Sunday, October 16, 2011

Real help for a real budget

A reader of my blog took me up on this offer and graciously agreed to send me the information necessary to make a budget. Here's their situation each month:

Incoming:
550 Rental
1600 Salary
2600 Salary
4750 TOTAL

Outgoing:
1st Mortgage 1200
2nd Mortgage 700
Insurance 60
Trash 20
Internet 50
Phone 100
Tithe 475
Gas 400
Paypal 25
Visa 100
Groceries 800
Total 3930

There is a difference here of 820! That is great news!

So, what's the problem? They make a good income, but they also have some outstanding debt:

Balances due relatively soon:
Paypal 325
Balloon 750
Tractor 800
Balloon 2100
Balloon 4100
Visa 4800

This family needs an action plan. Here's what I recommend:

1) No more debt! This means that credit cards and debit cards should be hidden somewhere safe and your family should go on a cash only diet. Each time you get paid you need to decide (based on the budget) where the money will go. Once bills are paid, put cash for things like gas, groceries and tithing in weekly envelopes and spend nothing else. For example, your grocery envelope will contain $200/week in cash.

2) Add personal spending to the budget or anything else we've left out. Having a budget means having a plan. Every cent that comes in or goes out should be part of that greater plan. It is very hard to spend no money at all, so add $10 or so a week of personal spending for each adult or family member. Hand it out in cash on payday. When that money is gone, stop spending.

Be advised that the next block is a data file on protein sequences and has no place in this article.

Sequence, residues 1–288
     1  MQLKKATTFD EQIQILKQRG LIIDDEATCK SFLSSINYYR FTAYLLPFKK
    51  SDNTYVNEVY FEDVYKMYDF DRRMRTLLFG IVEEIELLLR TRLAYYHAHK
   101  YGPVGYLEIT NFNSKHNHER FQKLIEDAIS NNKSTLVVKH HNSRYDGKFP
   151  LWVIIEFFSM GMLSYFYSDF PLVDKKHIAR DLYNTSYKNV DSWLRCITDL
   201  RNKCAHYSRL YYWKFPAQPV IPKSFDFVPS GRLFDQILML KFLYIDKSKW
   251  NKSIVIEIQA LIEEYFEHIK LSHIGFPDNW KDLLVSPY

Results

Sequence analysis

3) Take the 820 left and start paying off the outstanding debts you have. Its hard to get your money under control if you are enslaved to others in debt. Notice I listed the debt from smallest amount to largest. Unless you are in danger of losing your house, pay the debt off in that order. The reason is that when you pay something off it feels WONDERFUL and can keep you motivated.

4. Say no. Part of budgeting is having good boundaries. When your kids or spouse want something not in the budget, you have to learn to say no. Practice it, "No. We are not spending any extra money right now."

5. Find a greater meaning. The reason many people stink at budgeting is because they fail to see its importance. I can't tell you why you should improve your money management skills--only you know what you value. Some good reasons are: being a good example for your children, creating a secure feeling for yourself and your family, living with less stress, having money to put toward your goals/dreams, etc. I know some people look to the Bible or other writings to find wisdom about not taking out debt and/or being a good steward of their money. The important thing is that you find something that motivates you!

6. Find a way to stay motivated. I find writing my budget down and carrying it with me to be helpful. When I want to spend money on something, I pull out my budget and ask myself where will the money come from? For example, am I willing to spend less on groceries that month to buy it? Usually, the answer is, "No. Obviously my family needs to eat more than I need this impulse item." Also, when I had lots of debt (Yes, at one time I had $30,000 in credit cards and medical bills), I found it helpful to post my outstanding debt balances and mark a big ol' line through them as I paid them off. Posting your budget or debt can also help everyone in the household to get on board!

I also recommend the following books to get you inspired:

 

I hope this was helpful. Who else has paid off a large chunk of debt? Anyone else need help coming up with a plan?

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